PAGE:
Outdoor Pursuits

with Rob Miskosky

From the Editor - May 2024

Alberta anglers could have the opportunity to catch-and-keep more walleye and pike.

It was with great surprise that the Government of Alberta announced the 2024 Alberta Guide to Sportfishing Regulations would require more time for discussion and consultation before they could be approved, printed, and distributed around the province.

“The department is in the process of developing the 2024 fishing regulations which requires careful consideration, feedback and understanding. We are currently assessing all information and more time is necessary to ensure that we get it right. As a result, the 2024-25 sportfishing regulations will be published later than usual.

In the meantime, the 2023 regulations will apply.

All anglers must continue following those (2023) regulations until the new regulations are published for the 2024-25 angling season.”

Some anglers on outdoorsforum.ca felt the delay was because of drought conditions facing the province, which is a concern for many of our rivers and streams and the fish within them, but the actual reason they have been delayed is due to decisions being made on walleye and pike retention limits on several lakes across the province. Minister Todd Loewen feels it is time to allow the catch-and-keep of pike and walleye in many lakes that “have been underutilized in the last 30 years” and most anglers would agree with him. It is believed within the angling community that the reason many of our lakes are full of stunted walleye and pike is because of too many walleye and pike and too few forage fish. Using Wabamun Lake as an example, it is easy to fill your boat with under 43 centimetre walleye; yet, unlike several years ago, it is difficult to catch a few lake whitefish for the smoker.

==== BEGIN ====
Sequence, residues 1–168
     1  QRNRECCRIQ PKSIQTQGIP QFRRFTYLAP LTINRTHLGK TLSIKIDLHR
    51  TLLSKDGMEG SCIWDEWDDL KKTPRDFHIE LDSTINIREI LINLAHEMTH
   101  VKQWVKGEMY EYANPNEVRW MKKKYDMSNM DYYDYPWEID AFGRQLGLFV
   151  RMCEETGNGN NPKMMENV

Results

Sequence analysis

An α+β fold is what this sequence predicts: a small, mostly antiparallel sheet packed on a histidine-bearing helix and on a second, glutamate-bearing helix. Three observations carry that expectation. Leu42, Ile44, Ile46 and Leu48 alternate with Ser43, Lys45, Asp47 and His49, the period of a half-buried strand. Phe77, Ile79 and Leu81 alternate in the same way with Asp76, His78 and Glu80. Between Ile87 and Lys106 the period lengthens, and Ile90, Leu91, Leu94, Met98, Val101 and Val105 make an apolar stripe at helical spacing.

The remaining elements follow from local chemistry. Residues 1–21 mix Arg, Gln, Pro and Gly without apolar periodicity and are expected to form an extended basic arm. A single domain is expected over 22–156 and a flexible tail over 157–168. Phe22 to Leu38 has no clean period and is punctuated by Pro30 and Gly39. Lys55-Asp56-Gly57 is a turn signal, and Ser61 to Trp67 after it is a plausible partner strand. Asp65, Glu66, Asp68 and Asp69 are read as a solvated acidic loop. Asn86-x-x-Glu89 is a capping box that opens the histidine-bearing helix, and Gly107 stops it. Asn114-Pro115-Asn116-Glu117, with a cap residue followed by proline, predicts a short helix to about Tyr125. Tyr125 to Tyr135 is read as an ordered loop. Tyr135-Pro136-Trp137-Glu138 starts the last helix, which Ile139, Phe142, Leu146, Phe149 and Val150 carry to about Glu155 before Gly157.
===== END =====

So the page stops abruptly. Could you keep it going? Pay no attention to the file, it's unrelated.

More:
On page 16 of this issue, Brad Fenson has a Q&A with Minister Loewen where the minister shares his thoughts on fishing and hunting in Alberta—it’s definitely worth the read. Minister Loewen appears to be exactly what Alberta’s hunters and anglers need when it comes to our outdoor pursuits.

I have been involved with the production of Alberta’s sportfishing regulations for several years now and this is the first time they have been delayed to this extent. As I write this (April 15), there still hasn’t been word on whether or not we can proceed with printing. It appears the delay is ongoing due to discussions with First Nations and, according to Minister Loewen, “...pending that outcome, changes will be made as we enter into the new fishing season.”

If those discussions go well, Alberta anglers will be able to look forward to keeping the odd walleye or pike for the dinner table from lakes where they previously couldn’t.

Wildfire Season
“As we approach the wildfire season, it is important to understand that 67% of wildfires in Alberta are started by people. If you start a wildfire, you can be charged, fined, and held liable for all costs associated with fighting the wildfire.” – Premier Danielle Smith.

Known as the “spring dip”—a time when trees and grasses suck as much moisture out of the ground as they can before green-up—folks need to pay special attention to their outdoor activities and where fire bans have been initiated. And if you smoke, properly dispose of your cigarette butts. You can find out more information at albertafirebans.ca. 

For the previous Outdoor Pursuits article, click here.